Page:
A Visit from Pony Alice by Desert Sun

Word Count 757

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(Note: On Christmas morning in the year of 1872, Murdoch Lancer took up pen and paper to record events that had taken place over the past week. Scott claimed the rhythm of his father’s rhyme sounded suspiciously like the poem “A visit from St Nicholas, which was written by Clement Clarke Moore and first published 1823. If their “old man” had snatched his inspiration from another man’s work, son Johnny claimed it was nothing to fuss about. It wasn’t like Murdoch had stolen the other man’s words. Jelly Hoskins agreed. He even was so bold as to proclaim his boss’s poem to be much more realistic and believable than the one about some man flying around on Christmas Eve in a sleigh pulled by reindeer and going down chimneys to deliver presents. As for me, I’ll leave it to the reader to make such judgements. I merely put into printed form what was handwritten all those years ago so it could be shared on the Yahoo Lancer groups in 2012 and eventually be archived here.)

~ * ~ * ~

‘Twas the week before Christmas, when into my house
Stormed Pony Alice, who’ll never be quiet as a mouse;
She raced through the great room with nary a care,
To gaze at the fireplace and the stockings hung there;
Then it was off to her room to toss her bag on her bed,
While visions of the ‘morrow loped through her head.
She unpacked her nightgown and her red nightcap
And gave them a fling. She wasn’t ready for a nap!
Once her clothes were stashed, she tore downstairs with a clatter
That would have had anyone wond’ring what was the matter.

For the next few days, all I saw was a flash
Of a girl on the go when I opened the sash.
On Honey’s back she rode daily with no wish for snow
To creep down from the mountains to the valley below.
Only once did she ask when Santa would appear
From the far, far north with his team of reindeer.
On Christmas Eve, she said he’d have to be quick
To get to everyone by dawn, this man called St. Nick.
Then the week had flown by and Christmas day came;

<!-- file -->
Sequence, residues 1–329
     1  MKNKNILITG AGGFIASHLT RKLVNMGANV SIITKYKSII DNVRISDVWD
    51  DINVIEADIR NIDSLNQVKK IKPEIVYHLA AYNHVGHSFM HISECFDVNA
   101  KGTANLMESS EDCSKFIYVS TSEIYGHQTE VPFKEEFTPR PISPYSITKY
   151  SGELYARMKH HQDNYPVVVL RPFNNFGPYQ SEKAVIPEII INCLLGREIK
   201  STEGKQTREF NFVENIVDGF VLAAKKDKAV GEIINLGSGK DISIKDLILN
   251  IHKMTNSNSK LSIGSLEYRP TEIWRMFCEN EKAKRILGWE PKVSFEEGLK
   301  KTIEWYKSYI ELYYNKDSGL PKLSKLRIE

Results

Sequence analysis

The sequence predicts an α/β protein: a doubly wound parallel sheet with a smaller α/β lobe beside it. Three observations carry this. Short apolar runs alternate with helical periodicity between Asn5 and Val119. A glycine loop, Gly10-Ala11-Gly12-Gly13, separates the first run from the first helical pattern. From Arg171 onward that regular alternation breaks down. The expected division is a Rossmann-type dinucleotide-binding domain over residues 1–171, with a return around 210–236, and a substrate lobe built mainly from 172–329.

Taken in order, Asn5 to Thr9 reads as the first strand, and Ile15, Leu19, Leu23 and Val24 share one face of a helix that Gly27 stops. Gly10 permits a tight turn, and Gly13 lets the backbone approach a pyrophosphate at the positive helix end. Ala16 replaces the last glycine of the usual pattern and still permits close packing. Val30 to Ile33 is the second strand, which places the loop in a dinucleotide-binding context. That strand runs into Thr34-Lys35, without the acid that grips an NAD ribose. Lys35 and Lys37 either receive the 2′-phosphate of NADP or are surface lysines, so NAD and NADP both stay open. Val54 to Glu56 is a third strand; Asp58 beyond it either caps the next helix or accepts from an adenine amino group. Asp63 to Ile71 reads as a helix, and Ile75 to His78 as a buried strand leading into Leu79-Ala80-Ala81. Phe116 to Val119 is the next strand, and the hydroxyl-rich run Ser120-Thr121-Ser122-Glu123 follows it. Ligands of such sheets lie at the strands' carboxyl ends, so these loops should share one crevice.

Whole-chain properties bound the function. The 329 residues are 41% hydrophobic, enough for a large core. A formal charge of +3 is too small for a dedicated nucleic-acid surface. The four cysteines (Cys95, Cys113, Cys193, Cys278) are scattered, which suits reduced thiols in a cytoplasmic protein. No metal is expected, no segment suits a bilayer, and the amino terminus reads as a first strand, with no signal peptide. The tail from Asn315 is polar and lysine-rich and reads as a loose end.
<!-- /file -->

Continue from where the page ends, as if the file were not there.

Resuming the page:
She handed out socks, calling each person by name.

“Here Jelly! Here T’resa! Miss Florida, who’s no Vixen!
And Scott! And Murdoch! And Johnny! But who’s Blitzen?
And why is there no sock for Bandit on the wall?
How can that be? He’s my very best friend of all!”
She found nothing for Honey, the horse who could fly
Far faster in her mind than any old bird in the sky.
She declared Santa must have spooked, so away he flew,
Because it appeared that he had forgotten her, too.
“Oh,” she said, “Surely he didn’t leave my sock up on the roof
To be trampled beneath each and every reindeer hoof?

She proceeded to look high and to look low and all around;
Then with an earsplitting shout of glee, up she did bound,
For there on the hearth, nearly under her foot
Lay a red and white sock all covered with soot.
She jumped up and down, and forward and back;
Then off to her room, her sock she did pack,
Before joining the family as they all made merry.
All were so happy, each one’s cheek as red as a cherry,
As packages were opened, saving each pretty bow,
And not a one complained of the absence of snow.

Smiles spread wider to reveal white teeth
When Alice started giggling and knocked down a wreath
Over Jellifer Hoskins a holding onto his belly,
While it shook to and fro like a bowl full of jelly.
Later on, Scott donned a cap that must have belonged to an elf;
He couldn’t have been handsomer, if I do say so myself.
Johnny, being Johnny, promptly swiped that hat from Scott’s head,
Put it on, and took the gunfighter’s stance, anyone would dread.

Teresa said, “Oh, brother. That will never work,”
As she deftly reached out and gave the cap a jerk.
The cap went a flying right into Miss Florida’s nose;
She gave it a flick and up to the rafters it rose
And caused such a commotion that I let out a shrill whistle
That sounded like the squall of a child stuck by a thistle.
Then I lifted my voice and shouted to everyone in sight,
“Merry Christmas to all and to all a good-night!”

End
December 25, 2012

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